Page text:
Sequence of Biologic Events

In paraphrasing a statement by Thornberry and Lazebnik (1998), apoptosis is reminiscent of a well-planned and executed military operation in which the target cell is isolated from its neighbors, its cytoplasm and nucleus are effectively destroyed, and the remains (apoptotic bodies) are destined for burial at sea, leaving no traces behind. Much of the original information on the sequence of events in apoptosis was obtained by studying the embryonal development events in the small worm (nematode), Caenorhabditis elegans. These studies have documented that apoptosis occurs naturally during the developmental stages of the worm to eliminate unwanted cells. It is caused by a cascade of events, culminating in the activation of proteolytic enzymes that effectively destroy the targeted cell. A somewhat similar, but not identical, sequence of events was proposed for mammalian cells.

Apoptosis in mammalian cells is triggered by numerous injurious factors, some known, such as viruses, certain drugs, radioactivity, and some still unknown (summary in Thompson, 1995; Hetts, 1998; review in Nature, 2000). For example, the loss of T4 cells by the human immunodeficiency virus in acquired immunodeficiency syndrome (AIDS) is caused by apoptosis. However, the pathway to apoptosis is extremely complicated because normal cells contain genes that prevent it and genes that promote it. This equilibrium has to be disrupted for the cells to enter the cycle of death.

In brief, it is assumed today that “death signals,” received by the cytoplasm of the cell and mediated by a complex sequence of molecules, lead to activation of proteolytic enzymes, known as caspases that destroy the cytoplasmic proteins, including intermediate filaments, and attack the nuclear lamins, causing the collapse of the nuclear DNA structure. However, the intermediate steps of this sequence of events are enormously complicated. An injury to the molecule p53 (guardian of the genome; see Chap. 3) appears to be an important event (Bennett et al, 1998). Recent studies have documented that genes located on the mitochondrial membrane play a critical role in apoptosis (Brenner and Kroemer, 2000; Finkel, 2001). These genes belong to two families: Bcl, a protooncogene, which protects the cells from apoptosis, and Bax, which favors apoptosis (Zhang et al, 2000). If the proapoptotic molecule prevails, there is damage to the mitochondrial membrane with release of cytochrome C into the cytoplasm. Cytochrome C acts to transform a ubiquitous protein molecule known as zymogen into caspases.

Figure 6-1 Diagrammatic representation of apoptosis (top) and necrosis (bottom). For explanatory comments, see text. (Drawings by Professor Claude Gompel modified from diagrams by Dr. T. Brunner, Department of Pathology, University of Bern, Switzerland.)

Figure 6-2 Apoptosis. A. Apoptosis (karyorrhexis) of malignant lymphoma cells in an aspirate of lymph node. B. Apoptosis of cells of malignant lymphoma in bloody pleural effusion. (B, High magnification.)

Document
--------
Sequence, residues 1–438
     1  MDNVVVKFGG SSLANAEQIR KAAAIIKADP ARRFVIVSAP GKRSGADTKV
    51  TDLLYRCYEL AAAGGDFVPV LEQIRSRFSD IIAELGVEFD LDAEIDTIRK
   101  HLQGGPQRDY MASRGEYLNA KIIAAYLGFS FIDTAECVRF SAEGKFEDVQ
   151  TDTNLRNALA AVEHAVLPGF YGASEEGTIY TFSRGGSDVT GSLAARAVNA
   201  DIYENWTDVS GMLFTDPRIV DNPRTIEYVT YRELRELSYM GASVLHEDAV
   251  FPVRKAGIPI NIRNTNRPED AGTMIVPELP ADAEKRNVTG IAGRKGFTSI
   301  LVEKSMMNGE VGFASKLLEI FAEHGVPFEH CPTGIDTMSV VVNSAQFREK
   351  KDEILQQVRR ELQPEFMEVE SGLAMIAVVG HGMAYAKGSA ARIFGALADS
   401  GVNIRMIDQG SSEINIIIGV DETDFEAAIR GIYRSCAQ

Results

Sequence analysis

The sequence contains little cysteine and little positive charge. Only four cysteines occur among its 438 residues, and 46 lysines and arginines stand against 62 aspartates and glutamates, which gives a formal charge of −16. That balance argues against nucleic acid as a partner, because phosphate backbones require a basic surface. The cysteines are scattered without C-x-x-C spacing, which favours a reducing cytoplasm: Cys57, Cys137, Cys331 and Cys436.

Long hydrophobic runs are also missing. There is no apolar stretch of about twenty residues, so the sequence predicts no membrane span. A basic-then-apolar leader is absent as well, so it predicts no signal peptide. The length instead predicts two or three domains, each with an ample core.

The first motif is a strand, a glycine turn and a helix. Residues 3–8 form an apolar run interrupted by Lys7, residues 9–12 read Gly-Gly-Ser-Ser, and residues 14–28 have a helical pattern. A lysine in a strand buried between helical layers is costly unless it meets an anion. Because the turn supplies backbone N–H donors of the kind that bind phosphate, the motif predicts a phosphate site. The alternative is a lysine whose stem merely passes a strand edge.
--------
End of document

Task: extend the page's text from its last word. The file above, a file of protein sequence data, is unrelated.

Numerous articles on the subject of apoptosis have appeared in recent years, each addressing a small fragment of the complex puzzle. The key recent articles are cited or listed in the bibliography. The significance of apoptosis goes much beyond a simple morphologic and molecular biologic summary. It is generally thought that the mechanisms of apoptosis, besides playing a key role during embryonal development, may play a key role in cancer and in important degenerative processes such as Alzheimer’s disease. In cancer, suppression of apoptosis may be one of the causes of cell proliferation, so characteristic of this group of disorders. This may explain the role of oncogenes, such as Bcl or Myc, as protecting the cells from apoptosis. It is considered that changes or mutations in molecules controlling DNA damage in replication (such as p53) or molecules governing events in the cell cycle (such as Rb) play a role in these events. It has been proposed that, in degenerative disorders of the brain, such as Alzheimer’s disease, apoptosis may destroy essential centers of memory and control of body functions.


Cells may also die as a consequence of nonapoptotic events, globally referred to as necrosis. Some of the known causes of necrosis are exposure to excessive heat, cold, or cytotoxic chemical agents. There is considerably less information on this type of cell death than on apoptosis, and the main difference is the absence of typical morphologic changes and no evidence of activation of the cascade of events characterizing apoptosis (see Fig. 6-1 bottom).


Cells undergoing nonapoptotic forms of necrosis may show extensive cytoplasmic vacuolization (Fig. 6-3). The nuclear changes include homogeneous, dense chromatin known as nuclear homogenization or pyknosis (from Greek, pyknos = thick), nuclear enlargement, and break-down of nuclear DNA, which however, does not form the DNA ladder, characteristic of apoptosis. Necrosis may result in destruction of the cell membranes, resulting in disintegration of the cell and formation of cell debris leading to an inflammatory process. The nuclear material may form fragments or streaks, often recognizable because they stain blue with the common nuclear dye, hematoxylin. Similar events may occur by physical injury to fragile cells if they are inappropriately handled during the technical preparation of